Research

Stem Cell and Cell Biology

Background

In 2001, the research-active faculty of the Department of Anatomy and Cell Biology, including a number of faculty members from the American Red Cross Holland Laboratory, decided to enhance their common research interests in stem/progenitor cell biology, especially as it applies to regenerative medicine, by forming the Stem and Progenitor Cell Research Interest Group. This group engaged in a number of group activities designed to increase fundamental knowledge about stem cell research, distributed information about stem cell research funding opportunities and enhanced laboratory interactions in this area at GW. A website was created that described the research activities of the individual laboratories of this group, brochures containing the same information were distributed to prospective graduate students and applicants for faculty positions. The group sponsored Open House Research Presentations on stem/progenitor cell biology and regenerative medicine for the incoming graduate students in 2002, and Drs. Sally Moody and Robert Hawley organized a Faculty Research Symposium entitled, "Human Stem Cells – Where are we in the Ethical and Political Debate and Where are we in the Science and Application" for the 8th Annual GW SMHS Research Day held on April 25, 2003.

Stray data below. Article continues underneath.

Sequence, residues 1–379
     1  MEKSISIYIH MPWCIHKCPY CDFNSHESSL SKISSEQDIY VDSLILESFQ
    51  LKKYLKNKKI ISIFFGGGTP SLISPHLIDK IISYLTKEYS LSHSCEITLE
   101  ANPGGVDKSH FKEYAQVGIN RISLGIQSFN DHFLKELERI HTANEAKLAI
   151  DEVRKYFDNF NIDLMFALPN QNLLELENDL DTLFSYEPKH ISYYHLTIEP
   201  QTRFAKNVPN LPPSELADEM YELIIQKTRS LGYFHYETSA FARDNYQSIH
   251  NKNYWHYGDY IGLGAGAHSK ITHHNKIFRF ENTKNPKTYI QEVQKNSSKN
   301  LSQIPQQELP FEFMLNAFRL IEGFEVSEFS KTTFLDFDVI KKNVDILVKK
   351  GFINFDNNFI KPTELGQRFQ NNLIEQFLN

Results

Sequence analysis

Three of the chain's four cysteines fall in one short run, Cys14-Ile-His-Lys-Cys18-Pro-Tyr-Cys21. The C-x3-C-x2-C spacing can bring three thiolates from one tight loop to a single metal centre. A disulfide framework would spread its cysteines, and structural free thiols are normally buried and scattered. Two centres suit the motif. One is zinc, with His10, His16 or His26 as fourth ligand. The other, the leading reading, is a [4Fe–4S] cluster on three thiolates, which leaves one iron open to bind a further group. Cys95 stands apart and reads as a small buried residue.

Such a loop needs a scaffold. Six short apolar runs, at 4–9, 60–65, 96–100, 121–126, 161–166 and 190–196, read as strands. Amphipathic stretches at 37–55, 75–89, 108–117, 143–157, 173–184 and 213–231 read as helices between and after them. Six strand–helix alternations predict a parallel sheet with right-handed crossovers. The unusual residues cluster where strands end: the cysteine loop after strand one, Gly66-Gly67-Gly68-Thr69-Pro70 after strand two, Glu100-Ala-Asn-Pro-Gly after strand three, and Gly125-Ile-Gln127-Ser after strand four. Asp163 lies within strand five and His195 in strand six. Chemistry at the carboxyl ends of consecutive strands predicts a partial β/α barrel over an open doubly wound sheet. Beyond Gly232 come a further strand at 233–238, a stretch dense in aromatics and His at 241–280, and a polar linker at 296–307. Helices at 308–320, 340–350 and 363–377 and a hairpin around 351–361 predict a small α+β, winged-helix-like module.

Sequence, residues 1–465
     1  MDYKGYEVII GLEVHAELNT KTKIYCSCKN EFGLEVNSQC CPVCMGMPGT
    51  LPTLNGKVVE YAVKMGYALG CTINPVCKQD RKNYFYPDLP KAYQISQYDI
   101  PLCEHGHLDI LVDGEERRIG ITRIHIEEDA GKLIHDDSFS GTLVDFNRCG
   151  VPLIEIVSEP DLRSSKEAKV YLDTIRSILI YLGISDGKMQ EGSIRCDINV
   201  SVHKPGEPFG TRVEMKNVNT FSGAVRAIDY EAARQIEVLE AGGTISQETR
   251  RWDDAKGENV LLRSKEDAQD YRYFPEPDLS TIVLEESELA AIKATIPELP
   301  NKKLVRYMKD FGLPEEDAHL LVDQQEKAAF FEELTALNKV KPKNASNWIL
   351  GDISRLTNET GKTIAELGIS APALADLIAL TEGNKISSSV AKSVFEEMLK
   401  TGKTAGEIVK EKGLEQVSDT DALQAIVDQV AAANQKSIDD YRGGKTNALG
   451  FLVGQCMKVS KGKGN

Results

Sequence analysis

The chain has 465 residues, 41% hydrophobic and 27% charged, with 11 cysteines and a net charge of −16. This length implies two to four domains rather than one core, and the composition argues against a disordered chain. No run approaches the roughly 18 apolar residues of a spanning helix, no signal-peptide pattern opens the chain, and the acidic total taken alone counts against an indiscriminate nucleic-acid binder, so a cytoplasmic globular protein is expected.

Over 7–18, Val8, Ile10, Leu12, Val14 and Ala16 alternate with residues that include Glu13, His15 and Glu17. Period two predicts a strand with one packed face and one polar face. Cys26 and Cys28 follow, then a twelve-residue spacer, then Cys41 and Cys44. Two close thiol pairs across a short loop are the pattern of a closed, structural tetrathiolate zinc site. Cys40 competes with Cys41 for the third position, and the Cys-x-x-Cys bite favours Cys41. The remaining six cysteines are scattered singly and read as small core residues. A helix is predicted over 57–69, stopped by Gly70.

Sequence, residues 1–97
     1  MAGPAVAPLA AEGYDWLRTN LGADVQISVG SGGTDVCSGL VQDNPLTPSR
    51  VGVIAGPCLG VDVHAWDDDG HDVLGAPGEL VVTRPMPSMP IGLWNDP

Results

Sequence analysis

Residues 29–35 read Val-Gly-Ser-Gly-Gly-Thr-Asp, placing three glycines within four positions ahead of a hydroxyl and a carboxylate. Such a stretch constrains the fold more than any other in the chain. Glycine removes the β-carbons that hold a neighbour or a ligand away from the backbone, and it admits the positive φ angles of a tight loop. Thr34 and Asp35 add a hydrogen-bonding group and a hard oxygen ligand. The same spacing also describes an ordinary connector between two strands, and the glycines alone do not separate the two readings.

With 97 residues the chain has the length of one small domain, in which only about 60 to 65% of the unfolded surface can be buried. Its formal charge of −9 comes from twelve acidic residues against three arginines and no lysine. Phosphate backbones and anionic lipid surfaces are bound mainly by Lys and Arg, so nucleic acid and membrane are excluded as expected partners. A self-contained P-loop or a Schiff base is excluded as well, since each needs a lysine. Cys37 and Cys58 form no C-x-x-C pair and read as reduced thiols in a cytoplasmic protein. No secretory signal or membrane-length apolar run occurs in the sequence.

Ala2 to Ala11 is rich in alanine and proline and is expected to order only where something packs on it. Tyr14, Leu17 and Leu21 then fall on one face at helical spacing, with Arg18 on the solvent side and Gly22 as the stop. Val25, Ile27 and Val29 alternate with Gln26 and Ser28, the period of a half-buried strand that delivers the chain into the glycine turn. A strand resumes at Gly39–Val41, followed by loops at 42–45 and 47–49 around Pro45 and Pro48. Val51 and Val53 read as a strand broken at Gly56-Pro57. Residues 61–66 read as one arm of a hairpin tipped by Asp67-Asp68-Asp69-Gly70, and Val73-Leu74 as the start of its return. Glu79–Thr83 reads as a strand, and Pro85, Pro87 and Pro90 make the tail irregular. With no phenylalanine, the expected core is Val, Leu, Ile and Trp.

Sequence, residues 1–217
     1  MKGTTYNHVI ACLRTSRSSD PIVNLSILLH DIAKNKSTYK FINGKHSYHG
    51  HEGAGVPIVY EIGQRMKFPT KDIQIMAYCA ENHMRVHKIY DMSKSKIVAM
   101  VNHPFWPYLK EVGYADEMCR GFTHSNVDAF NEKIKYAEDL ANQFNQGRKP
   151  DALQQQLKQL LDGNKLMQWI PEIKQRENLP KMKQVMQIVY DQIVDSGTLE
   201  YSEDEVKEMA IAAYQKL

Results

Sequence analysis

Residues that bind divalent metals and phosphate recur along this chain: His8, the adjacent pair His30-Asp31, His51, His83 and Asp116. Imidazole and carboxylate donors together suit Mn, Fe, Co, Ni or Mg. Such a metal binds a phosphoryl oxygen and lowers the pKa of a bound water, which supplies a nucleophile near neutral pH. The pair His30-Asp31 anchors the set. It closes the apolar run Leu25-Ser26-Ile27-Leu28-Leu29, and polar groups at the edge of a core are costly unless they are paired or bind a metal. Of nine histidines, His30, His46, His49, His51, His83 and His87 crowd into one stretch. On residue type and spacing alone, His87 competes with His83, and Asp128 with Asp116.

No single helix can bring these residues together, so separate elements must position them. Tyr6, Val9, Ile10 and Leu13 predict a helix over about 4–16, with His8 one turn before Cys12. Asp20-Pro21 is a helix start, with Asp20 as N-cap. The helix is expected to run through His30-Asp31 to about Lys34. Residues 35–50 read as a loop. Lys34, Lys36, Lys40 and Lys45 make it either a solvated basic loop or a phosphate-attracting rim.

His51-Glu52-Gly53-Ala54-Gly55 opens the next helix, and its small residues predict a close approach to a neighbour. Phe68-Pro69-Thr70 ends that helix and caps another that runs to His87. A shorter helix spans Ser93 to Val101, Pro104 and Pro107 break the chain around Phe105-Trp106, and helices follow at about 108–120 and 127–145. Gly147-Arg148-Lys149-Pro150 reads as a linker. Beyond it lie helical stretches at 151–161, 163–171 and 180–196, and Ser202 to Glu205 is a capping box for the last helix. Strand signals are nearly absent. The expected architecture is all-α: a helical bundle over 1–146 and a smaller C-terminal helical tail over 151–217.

Current multidisciplinary and interdisciplinary research efforts integrate and cut across the fields of stem cell and cell biology, neuroscience and cancer. See faculty members' profiles for individual research programs.

 

Graduate Education in Stem Cell and Cell Biology (2004-present)

Two courses for Ph.D. and M.S. level graduate students have been created: (1) In Spring 2004, a module on stem cell biology and tissue repair was added to the then IBS core curriculum course BMSC 213 (Molecular Medicine I); this four week course was directed initially by Dr. Moody and then by Dr. Hawley. Several of the Department faculty lectured in this module (Drs. Anne Chiaramello, Robert Hawley, Sally Moody, Mary Ann Stepp). This module was deleted from BMSC 213 in 2005 with the restructuring of the IBS Ph.D. Programs. However, effective Spring 2007, Dr. Hawley became the course director of BMSC 212 (Cell Biology), and reinstated much of the material in this seven week IBS core curriculum course. In Fall 2010, a new eight week IBS core curriculum course was created containing this material, BMSC 8212 (Developmental Cell Biology and Systems Physiology), which is directed by Dr. Hawley and Dr. Narine Sarvazyan (Department of Pharmacology and Physiology). (2) In Fall 2015, the Department launched a new Master of Science Program in Anatomical and Translational Sciences (M-ATS); ANAT 6182 (Fundamentals of Cell Biology and Systems Physiology) is a required course offered in the Fall semester to second year M-ATS students, which is directed by Drs. Hawley and Sarvazyan.

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